I am definitely in my early days as a religious leader, but that doesn’t mean that I should avoid practical experience. I’ve been fortunate enough to have my home church support me in my walk with God and they have embraced me as their student minister.
Note: I am still growing as a religious leader and I definitely have gaps in:
a) my knowledge of how to be a pastor; and
b) my strength and moral conviction as a spiritual leader;
But, that’s part of the journey: living, growing and breathing in God’s presence as we strive to grow closer to him and to represent ourselves and our faith in an appropriate way.
My home church has offered me numerous opportunities to serve and get involved in various roles within the church. There are three valuable growing experiences that stand out in particular as tremendous areas of growth:
- Prayer – My self-proclaimed weakness has and continues to be public prayer. This is an area that need to exercise in order to make it strong. I have had the opportunity to develop this through prayer groups, worship leading with the congregation and leading sunday school classes.
- Preaching – Until a year ago, I had never delivered a sermon. Period. Since then, I have performed numerous sermons, and each one has been increasingly better. I have a greater sense of confidence at the pulpit, greater confidence in my knowledge of the subject matter and a greater maturity at delivering my messages.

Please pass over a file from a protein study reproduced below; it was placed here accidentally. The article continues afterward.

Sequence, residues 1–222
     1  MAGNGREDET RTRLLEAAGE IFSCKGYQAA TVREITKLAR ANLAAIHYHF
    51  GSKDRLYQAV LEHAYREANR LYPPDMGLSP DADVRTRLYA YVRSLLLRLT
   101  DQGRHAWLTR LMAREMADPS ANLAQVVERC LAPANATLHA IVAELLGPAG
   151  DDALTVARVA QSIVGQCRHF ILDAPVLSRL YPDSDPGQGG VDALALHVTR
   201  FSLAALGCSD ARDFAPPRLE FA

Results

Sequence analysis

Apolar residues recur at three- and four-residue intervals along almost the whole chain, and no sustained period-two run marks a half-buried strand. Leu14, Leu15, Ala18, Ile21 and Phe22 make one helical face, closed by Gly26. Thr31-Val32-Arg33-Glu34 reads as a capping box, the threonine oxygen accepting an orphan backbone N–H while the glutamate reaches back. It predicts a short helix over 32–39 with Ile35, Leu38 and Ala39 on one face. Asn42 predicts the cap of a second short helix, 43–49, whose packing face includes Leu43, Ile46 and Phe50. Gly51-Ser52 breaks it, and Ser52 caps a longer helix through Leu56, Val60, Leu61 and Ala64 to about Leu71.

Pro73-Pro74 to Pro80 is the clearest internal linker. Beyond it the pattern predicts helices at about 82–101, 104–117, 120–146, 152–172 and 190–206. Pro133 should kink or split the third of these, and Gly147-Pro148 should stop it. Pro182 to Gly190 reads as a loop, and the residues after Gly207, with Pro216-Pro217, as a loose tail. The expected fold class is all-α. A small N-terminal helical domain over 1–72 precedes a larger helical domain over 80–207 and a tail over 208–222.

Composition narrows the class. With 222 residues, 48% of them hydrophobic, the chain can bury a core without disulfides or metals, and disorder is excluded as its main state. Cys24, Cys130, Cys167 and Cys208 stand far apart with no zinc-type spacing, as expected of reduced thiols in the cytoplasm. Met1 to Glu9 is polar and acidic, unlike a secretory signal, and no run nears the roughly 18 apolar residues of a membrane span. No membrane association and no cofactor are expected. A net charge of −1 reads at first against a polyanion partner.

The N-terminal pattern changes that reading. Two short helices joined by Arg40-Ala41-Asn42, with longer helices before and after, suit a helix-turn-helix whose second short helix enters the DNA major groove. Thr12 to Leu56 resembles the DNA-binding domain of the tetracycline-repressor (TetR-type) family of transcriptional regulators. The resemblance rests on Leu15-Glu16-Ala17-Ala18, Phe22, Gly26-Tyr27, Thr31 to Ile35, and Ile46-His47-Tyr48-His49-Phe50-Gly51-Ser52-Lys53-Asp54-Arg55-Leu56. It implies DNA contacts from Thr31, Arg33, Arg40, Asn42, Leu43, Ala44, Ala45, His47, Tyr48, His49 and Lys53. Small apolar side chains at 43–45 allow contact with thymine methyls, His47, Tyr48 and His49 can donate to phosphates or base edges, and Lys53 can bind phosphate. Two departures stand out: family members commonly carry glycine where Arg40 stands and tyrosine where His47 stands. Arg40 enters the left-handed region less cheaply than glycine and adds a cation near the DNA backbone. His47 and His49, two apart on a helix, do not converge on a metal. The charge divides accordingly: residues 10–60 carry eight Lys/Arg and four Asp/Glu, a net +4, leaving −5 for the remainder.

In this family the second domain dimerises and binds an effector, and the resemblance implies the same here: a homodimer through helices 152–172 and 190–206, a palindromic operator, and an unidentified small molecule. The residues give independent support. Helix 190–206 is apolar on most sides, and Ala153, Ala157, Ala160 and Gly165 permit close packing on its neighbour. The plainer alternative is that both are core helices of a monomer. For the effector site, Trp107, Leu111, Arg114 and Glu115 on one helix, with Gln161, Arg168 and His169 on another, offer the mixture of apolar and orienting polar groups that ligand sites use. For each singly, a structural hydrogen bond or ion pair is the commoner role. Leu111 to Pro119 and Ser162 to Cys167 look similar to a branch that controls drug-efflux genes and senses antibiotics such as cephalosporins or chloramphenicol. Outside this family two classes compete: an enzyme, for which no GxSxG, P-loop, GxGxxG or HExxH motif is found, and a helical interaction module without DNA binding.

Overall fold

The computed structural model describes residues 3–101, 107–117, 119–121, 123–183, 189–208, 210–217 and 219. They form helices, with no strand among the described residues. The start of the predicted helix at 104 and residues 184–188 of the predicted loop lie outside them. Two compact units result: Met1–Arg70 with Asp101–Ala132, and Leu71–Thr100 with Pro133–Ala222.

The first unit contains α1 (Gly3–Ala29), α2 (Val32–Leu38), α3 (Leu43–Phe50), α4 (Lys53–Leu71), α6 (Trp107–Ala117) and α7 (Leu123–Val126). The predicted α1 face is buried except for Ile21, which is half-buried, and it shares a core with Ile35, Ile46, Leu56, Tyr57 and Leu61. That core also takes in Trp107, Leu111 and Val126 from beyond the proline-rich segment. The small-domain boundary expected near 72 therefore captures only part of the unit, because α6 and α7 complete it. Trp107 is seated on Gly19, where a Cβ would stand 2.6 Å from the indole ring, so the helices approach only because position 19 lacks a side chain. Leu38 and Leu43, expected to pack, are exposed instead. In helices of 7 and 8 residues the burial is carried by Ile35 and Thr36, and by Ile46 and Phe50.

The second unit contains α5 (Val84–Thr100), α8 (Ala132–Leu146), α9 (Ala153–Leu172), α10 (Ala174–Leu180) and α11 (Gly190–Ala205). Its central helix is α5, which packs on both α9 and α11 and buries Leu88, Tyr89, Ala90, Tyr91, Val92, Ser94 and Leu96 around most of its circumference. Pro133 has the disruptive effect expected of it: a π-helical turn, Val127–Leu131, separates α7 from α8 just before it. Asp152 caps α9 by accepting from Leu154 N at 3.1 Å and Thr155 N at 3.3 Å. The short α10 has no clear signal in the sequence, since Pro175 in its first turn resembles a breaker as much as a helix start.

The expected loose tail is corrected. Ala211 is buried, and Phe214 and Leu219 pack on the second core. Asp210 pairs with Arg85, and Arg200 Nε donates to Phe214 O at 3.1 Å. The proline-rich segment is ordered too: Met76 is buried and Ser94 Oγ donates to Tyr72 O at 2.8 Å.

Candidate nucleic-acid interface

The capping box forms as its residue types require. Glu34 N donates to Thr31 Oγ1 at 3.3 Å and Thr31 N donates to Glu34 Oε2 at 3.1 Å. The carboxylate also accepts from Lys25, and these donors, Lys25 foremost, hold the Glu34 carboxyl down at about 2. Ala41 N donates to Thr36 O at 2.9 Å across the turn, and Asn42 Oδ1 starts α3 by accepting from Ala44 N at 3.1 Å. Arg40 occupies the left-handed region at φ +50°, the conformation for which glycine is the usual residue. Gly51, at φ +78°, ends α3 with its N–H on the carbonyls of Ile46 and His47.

- Leading – My largest area of focus at my home church has been as a Sunday School teacher. I have had the priviledge of building a Christian parenting and marriage group. This experience has been extremely rewarding. it has given me the chance to learn a great deal, while working to build a community of like-minded people in a fun setting.
My biggest lesson so far has been the power of relationships. Pastoral ministry is about building relationships and connecting with people. At first, I thought that strong academic content would be the best way to connect with people. I found that academic language quickly took a back seat to relaxed group discussion, anecdotal examples and personal reflection. My experience has shown that group dynamics typically require short, easy to understand and quick to explain snippets of information. Thus, I quickly adjusted my teaching style to present succinct examples that prompted group discussion. I noticed that the content became secondary in many of our group discussions. The content was simply to start conversations. From there, the discussions typically took on a life of their own.
Does this mean that I no longer care about content? Hardly. On the contrary… I focus more on content than I did in the past. Valuable class outlines require tight agendas and meaningful content in a brief, organized and accurate layout. This type of an outline is harder though: it’s harder to convey meaning in a short explanation than in a longer one. And, each week, I try to make my descriptions as short and concise as possible.
I have a long way to go in order to perfect my skill and ability as a pastor, but the experience I have received so far has been extremely helpful. I look forward to continuing my education on an ongoing basis.
That’s it for today. Next time, we’ll discuss, Grad School – my experience so far at Divinity School.